Part of the old workings
Greenside Lead Mine
It's a piece of our industrial heritage which is special for quite a few reasons.
The mine is tucked away up a steep and winding track above Ullswater. The views from the top are stunning. There's been mining at Greenside for at least 300 years.
My guides were John Hodgson, the senior archaeologist with the Lake District National Park and Warren Allison who lives locally and is a big fan of the mine.
John and Warren
The National Park Authority has owned the site since the 1970s and has been trying to stabilise some of the tips around the mine. There's always a danger with any old mine that the spoil tips may start sliding down the hillside.
The work isn't finished and so the mine is on English Heritage's at-risk register. Another problem is making sure the water from the underground workings doesn't pollute surrounding water courses or the lake at the bottom of the valley.
Greenside in the 1930s
The mine closed in the 1950s and a lot of the buildings were demolished. There are a few left now which are used as hostels by schools and other visiting groups.
In fact when we were there, there was a large group of Jewish people on a summer camp. The sound of chanting and a big procession greeted us as we came up the track, not at all what we were expecting!
Some of the old mine buildings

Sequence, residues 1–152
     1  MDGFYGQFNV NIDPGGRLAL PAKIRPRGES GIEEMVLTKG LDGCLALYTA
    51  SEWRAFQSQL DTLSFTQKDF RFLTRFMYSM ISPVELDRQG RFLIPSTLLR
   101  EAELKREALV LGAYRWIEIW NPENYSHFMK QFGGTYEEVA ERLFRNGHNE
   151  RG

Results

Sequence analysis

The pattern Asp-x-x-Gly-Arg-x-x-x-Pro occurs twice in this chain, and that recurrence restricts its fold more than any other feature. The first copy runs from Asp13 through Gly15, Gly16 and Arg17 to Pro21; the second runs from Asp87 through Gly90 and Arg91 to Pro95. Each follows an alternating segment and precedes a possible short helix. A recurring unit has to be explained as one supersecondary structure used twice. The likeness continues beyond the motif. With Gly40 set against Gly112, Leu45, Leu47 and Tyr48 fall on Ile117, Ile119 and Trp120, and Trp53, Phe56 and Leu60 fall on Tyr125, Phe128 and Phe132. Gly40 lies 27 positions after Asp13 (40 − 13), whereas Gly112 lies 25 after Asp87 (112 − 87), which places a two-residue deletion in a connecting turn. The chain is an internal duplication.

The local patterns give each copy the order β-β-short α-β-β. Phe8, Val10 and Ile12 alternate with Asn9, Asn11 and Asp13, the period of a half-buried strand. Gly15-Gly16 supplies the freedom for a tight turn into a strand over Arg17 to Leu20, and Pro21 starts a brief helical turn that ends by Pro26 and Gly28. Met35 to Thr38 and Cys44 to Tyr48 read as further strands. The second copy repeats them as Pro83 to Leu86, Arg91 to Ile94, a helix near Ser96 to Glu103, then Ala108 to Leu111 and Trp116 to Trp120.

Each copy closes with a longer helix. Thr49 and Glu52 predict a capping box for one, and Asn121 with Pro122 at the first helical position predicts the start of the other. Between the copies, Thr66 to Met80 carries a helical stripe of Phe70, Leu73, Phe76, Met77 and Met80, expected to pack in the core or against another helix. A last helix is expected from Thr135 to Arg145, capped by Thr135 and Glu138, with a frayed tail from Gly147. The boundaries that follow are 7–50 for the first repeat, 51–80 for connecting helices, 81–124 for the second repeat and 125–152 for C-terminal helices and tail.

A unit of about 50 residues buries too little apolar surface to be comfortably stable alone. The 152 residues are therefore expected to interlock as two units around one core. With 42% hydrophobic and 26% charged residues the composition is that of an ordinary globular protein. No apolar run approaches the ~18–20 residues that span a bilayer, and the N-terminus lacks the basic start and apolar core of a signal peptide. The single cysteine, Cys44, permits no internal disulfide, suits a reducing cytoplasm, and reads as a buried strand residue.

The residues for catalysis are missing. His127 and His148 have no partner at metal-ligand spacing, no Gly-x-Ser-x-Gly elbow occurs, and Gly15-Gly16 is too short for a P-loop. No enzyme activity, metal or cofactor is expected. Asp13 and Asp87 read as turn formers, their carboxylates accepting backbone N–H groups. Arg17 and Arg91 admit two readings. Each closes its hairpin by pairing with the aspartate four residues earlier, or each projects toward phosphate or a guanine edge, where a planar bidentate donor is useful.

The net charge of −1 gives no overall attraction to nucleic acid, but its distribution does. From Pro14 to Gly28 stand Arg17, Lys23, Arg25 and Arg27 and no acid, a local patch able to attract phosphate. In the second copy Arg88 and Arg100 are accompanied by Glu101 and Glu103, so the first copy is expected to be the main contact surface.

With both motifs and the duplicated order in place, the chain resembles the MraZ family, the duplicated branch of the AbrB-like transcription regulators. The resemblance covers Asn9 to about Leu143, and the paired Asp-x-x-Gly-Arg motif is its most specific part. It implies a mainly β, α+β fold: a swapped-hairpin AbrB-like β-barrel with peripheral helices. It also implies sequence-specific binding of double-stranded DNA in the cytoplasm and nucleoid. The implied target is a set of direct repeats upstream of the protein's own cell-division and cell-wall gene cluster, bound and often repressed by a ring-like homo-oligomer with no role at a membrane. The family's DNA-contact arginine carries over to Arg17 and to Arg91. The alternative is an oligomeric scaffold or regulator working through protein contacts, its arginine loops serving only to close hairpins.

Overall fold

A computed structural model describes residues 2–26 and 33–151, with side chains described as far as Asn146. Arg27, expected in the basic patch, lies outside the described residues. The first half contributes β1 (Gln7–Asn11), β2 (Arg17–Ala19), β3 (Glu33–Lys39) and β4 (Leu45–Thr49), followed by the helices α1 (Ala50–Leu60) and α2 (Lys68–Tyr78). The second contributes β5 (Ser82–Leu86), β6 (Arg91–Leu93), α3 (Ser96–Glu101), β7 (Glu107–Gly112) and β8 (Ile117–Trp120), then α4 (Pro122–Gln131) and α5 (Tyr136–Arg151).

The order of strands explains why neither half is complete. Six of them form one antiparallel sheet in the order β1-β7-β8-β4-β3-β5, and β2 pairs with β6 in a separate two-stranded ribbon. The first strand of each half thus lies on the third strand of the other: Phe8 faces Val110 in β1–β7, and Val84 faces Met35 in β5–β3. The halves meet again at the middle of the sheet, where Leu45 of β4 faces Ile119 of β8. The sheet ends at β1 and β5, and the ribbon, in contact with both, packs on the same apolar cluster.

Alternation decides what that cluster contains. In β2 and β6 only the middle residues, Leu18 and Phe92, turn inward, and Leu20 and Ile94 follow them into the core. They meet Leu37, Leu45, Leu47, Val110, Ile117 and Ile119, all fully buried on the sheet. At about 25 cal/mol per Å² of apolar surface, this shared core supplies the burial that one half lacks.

As we climbed up above the buildings, Warren tells me that his family have strong links with the mine, with several of them working there over the years. The lead was used for pipes, bullets, roofing and so on. But the market for that declined as plastic and copper became more widely used.
There is an American connection with lead being used to make bullets used in the Civil War over there. A ship that sank off the South Carolina coast has been discovered recently and on board were lead ingots with the name of the Greenside mine stamped on them! Warren is hoping they may be able to get one and put it on display locally.
Electric underground engine in 1930s
In its heyday, the mine led the way being the first to use electricity to power its winding gear at the end of the 19th century. It also ran the first underground electric engine in a British metal mine. Some of its smelting processes (to get the lead out of the ore) were also revolutionary.
Warren's actually been into the mine and says it's amazing to see. He's part of a local mines group and knows the area well. The underground workings are dangerous and are not open to the general public.
Mine workers c1900
The mine continues further up the hillside than we managed to get on our trip. It was starting to rain and I was completely puffed out by the steep climb! But John and Warren assured me that, on another day, the walk is well worth it. Maybe you should give it a try?!
*Thank you to Warren for allowing us to use some of his old pictures of the mine.
last updated: 20/05/2008 at 15:28